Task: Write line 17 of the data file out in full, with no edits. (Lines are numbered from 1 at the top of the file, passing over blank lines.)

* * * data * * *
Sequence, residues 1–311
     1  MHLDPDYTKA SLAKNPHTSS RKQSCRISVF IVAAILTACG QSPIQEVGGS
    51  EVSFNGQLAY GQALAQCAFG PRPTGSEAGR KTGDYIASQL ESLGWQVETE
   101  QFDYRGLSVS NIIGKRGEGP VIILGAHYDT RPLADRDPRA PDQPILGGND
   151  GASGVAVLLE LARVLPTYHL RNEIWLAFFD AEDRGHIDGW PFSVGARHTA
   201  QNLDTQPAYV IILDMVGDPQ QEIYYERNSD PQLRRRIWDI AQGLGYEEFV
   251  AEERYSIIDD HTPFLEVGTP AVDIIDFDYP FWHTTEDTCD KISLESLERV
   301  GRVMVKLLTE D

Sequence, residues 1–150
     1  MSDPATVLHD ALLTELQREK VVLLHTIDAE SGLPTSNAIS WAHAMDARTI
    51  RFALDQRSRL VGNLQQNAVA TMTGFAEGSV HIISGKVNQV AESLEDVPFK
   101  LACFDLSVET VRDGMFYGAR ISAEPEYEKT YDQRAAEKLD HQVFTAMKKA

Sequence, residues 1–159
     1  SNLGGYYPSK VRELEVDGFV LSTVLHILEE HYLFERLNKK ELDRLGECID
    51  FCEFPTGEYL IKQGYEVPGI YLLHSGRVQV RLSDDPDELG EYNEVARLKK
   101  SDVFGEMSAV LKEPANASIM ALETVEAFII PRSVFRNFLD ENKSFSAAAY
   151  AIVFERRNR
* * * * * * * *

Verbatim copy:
   151  AIVFERRNR